Committed to change?

Most Israeli women adopt their husband’s surname after marriage, but in recent years more are keeping own.

Cartoon family 521 (photo credit: Los Angeles Times/MCT)
Cartoon family 521
(photo credit: Los Angeles Times/MCT)
In Feminism, Family and Identity in Israel: Women’s Marital Names, Michal Rom and Orly Benjamin deal with the fascinating and under-reported subject of our names. They investigate why Israeli women choose to keep their maiden names, take their husband’s names or, in some cases, decide on a name new to both members of the couple. After all, our names are our identities and our faces to the outside world. These decisions reflect our relationships with our families, feminist awareness and Israel’s social milieu. Our decisions aren’t always predictable. Decades ago, a close friend, a feminist who is the daughter of a famous politician, told me what a relief it was to get a new, unknown name instead of being pegged as “the daughter of...” wherever she went. Others cling to their maiden names. Often, there’s a story behind our choices.
Most Israeli women take on their husbands’ surnames with marriage, but not all countries follow this patronymic custom. According to the authors, in Spain a woman’s name doesn’t change upon marriage and this pattern is followed with variation in many Latin American countries. In Quebec, women are compelled to retain their maiden names. In most Muslim countries it is customary to address a woman by her husband’s name, adding a reference to her status as a wife. But in formal documents, her full name doesn’t change. Who knew?
Among Israeli women who have wed since 1996, only 1.2 percent have retained their maiden names after marriage. But hyphenated names are becoming more common. In Israel, 17.3% of women, up 3% since 1985, opt for “nonconventional” naming, as compared to only 9% of women in the US. Nonconventional naming most commonly means mentioning both partners’ names. We’ve become used to hearing hyphenated names like those of journalist Sivan Rahav-Meir, law professor, UN representative on the status of women Prof. Ruth Halperin-Kadari, and Hadassah Medical Faculty’s expert on women’s sexuality Dr. Anna Wruble- Wolonski.
Those who reject the patronymic custom often face raised eyebrows or worse. An Israeli study published in 2005 claimed that reluctance to assume a man’s name “indicated problems in the relationships.” Women who want to pass down a hyphenated name are often accused of being unfit mothers for burdening children with a complicated surname.
Only two of the mothers interviewed by Rom and Benjamin passed on their hyphenated names to their children. One interviewee explains why she didn’t: “I know the parents who have a child with a very complicated last name, and every time at day-care, when he was asked what’s his name, he’d say his name and people would ask, what? What? What? So after a while, he began refusing to tell his name, shrugging his shoulders.”
In Israel, where the extended family, particularly grandparents, are often a close unit, pressure may be strong for a woman to assume her husband’s name.
Names are culturally loaded, of course. One of my daughters was recently advised that she should use her Ashkenazi surname as opposed to her husband’s Sephardi name when applying for her gifted child at a local elementary school. She refused, even though studies show that those marking essays are inclined to give higher grades on identical compositions to those with Ashkenazi names.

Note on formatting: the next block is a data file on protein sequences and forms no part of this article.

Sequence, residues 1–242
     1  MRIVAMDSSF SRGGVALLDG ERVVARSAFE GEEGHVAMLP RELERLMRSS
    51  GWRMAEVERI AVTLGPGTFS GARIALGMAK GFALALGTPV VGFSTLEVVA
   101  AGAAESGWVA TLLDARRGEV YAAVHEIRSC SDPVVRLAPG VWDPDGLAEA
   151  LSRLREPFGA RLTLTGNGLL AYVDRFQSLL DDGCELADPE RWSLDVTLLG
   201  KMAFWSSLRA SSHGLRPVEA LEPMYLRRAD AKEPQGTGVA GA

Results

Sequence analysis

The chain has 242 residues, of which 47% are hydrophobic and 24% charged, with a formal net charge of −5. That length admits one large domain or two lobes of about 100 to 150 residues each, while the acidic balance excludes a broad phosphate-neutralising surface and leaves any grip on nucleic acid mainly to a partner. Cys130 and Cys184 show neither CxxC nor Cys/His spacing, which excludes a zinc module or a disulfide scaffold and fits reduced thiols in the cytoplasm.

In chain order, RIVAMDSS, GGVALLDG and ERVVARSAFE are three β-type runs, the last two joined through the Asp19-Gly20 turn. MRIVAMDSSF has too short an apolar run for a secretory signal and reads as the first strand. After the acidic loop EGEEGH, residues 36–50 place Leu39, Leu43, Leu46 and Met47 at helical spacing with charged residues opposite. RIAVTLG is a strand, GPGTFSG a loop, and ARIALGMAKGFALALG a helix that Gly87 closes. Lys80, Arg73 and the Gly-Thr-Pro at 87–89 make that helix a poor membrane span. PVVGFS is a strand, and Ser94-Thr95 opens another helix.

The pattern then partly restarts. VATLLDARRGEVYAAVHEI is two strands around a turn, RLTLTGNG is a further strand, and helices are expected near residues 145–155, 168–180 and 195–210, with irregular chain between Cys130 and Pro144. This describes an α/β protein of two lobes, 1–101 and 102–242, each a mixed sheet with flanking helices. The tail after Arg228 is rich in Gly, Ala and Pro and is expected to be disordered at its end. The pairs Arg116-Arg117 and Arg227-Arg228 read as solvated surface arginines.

In 1948, David Ben-Gurion insisted that army officers Hebraize their names. Foreign service officials used to change non- Hebrew names like Mandel, which means almond in Yiddish, into the Hebrew Shaked. Pilots like the late Ilan Ramon, who started life in Beersheba as Wolferman but adopted the name of the nearby crater where he had hiked as a lad, routinely chose poetic Hebrew names. Indeed, “beautiful” Hebrew names are still called “pilots’ names.”
The Zionist preference for a Hebrew name is sometimes overridden by the importance of preserving a rare Diaspora name, particularly when a person is the last surviving family member with that name. And finally, context counts. Women reported using different names in varying social situations. When they pick up their graduate degrees they might use one name and when they pick up their children from nursery school they might use another.
NOT TO be discounted is the tediousness of correcting names on banking and other bureaucratic forms. Potential name-changers are sometimes so worn down by the process of making the change that they abandon the endeavor. Say the authors: “Self-naming is a lifelong difficulty that requires much energy, justifications, and the willingness to bear a sense of isolation once the family name separates between a woman and her children.” Rom and Benjamin are both lecturers in sociology and gender studies at Bar-Ilan University. Rom and her husband-to-be had agreed to choose a name new for them both, but backed out in the end. She and her husband use different names; the children bear hyphenated names. Benjamin took on her husband’s name, “giving up a monument to a father she didn’t want to remember.”
They say: “Most of all we hope that the issue of the family name will increasingly become a family matter so that appropriate masculinity and femininity alike will include the reflexive consideration of the family name as an integral aspect for caring for children.”
You may have had to read that last sentence twice. Unhappily, the book is flawed by both awkward diction and uneven translation. Despite their ability to tell an interesting story, large passages of academic prose weigh down flow.
Take, for example, a section called “Contesting the Naming Agency,” in which the authors attempt to clarify the differences between women who seek change through political activism and those who adopt the humanist view of the individual as liberated and autonomous.